Knowledge and anticipated behavior of health care workers in response to an outbreak of pandemic influenza in Georgia
Keywords:Influenza, H5N1, health care workers
AbstractBackground: Avian influenza has been documented in over 331 humans since 2003 with 203 associated deaths. Health Care Workers (HCWs) have been shown to be at personal risk during other highly virulent outbreaks with a high attack rate. This study aimed to determine the magnitude and factors associated with absenteeism of hospital based health care workers (HCWs) in Georgia associated with a potential highly virulent influenza pandemic. Methodology: This was a cross-sectional study of how HCWs responded to a potentially highly virulent influenza pandemic in two urban hospitals in Georgia. Hospital based physicians and nurses were studied. Data was collected utilizing a survey instrument. The survey was either self-administered or interviewer administered based upon the preference of the respondent. Results: There were 288 HCWs surveyed. The study suggested a 23% rate of worker absenteeism, predominately among women and nurses. The majority of the respondents (58.1%), mostly HCWs less than age 35, were opposed to forced isolation or quarantine of staff during a highly virulent influenza pandemic. Seventy-six percent of respondents correctly reported that the strain of virus that was responsible for the outbreaks in the neighboring countries was H5N1. Only 15.5% of respondents, however, correctly identified influenza as the culprit virus. Conclusions: The rate of work absenteeism suggested by this study represents a significant workforce reduction. There are specific groups who would choose not to attend work in the face of a flu pandemic. This information may allow planners to target these specific groups for education and social support services to encourage greater inclination to attend to clinical duties.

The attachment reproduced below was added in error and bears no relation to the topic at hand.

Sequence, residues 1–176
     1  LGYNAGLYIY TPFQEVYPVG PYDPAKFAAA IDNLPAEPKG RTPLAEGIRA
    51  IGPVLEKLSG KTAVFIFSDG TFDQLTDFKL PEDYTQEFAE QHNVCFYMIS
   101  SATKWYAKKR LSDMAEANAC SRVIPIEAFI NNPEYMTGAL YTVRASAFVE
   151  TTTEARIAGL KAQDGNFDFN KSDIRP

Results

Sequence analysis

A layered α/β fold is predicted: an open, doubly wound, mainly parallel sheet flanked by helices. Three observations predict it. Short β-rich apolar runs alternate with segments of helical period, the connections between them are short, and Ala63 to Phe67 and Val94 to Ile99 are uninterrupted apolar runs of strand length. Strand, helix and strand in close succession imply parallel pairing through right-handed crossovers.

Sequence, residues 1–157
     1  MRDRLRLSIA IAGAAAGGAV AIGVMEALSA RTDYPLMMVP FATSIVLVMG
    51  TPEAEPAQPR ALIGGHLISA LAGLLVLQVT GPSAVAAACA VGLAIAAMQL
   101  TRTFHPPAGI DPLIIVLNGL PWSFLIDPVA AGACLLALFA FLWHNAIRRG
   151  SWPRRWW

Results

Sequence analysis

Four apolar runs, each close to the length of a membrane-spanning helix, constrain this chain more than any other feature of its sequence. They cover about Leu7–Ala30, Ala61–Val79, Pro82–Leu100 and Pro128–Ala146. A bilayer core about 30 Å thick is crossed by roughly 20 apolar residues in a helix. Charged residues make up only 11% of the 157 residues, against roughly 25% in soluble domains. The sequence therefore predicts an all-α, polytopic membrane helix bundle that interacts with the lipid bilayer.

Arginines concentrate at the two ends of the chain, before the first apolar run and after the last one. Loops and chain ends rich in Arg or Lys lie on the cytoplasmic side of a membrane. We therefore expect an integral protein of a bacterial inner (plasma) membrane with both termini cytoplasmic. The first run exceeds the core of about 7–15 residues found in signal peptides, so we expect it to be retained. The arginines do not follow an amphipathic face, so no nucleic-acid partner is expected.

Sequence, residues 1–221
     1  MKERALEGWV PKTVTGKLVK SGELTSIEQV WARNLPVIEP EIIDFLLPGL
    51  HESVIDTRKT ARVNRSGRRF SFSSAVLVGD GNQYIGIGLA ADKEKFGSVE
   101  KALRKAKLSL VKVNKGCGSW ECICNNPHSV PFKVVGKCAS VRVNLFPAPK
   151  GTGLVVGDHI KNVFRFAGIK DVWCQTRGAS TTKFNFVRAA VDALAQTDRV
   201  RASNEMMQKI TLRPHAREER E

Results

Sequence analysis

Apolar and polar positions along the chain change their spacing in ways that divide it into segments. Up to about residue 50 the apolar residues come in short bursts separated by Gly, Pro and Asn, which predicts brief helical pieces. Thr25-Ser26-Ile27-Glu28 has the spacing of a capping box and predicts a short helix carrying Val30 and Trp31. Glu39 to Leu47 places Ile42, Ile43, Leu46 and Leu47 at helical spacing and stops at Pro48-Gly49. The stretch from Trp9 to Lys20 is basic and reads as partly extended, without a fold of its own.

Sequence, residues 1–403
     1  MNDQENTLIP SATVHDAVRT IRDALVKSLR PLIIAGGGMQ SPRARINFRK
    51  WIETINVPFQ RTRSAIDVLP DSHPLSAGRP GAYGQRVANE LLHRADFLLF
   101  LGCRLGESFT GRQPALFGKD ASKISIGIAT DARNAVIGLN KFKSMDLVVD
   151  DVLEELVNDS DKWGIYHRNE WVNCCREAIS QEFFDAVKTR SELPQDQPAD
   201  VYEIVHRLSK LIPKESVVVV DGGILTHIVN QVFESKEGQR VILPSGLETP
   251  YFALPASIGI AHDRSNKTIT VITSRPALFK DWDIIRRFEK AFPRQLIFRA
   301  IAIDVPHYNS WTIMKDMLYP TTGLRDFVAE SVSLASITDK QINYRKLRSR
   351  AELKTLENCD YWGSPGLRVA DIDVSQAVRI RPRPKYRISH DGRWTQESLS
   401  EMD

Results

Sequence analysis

How to Cite
Butsashvili M, Triner W, Kamkamidze G, Kajaia M, McNutt L-A (2007) Knowledge and anticipated behavior of health care workers in response to an outbreak of pandemic influenza in Georgia. J Infect Dev Ctries 1:329–332. doi: 10.3855/jidc.373
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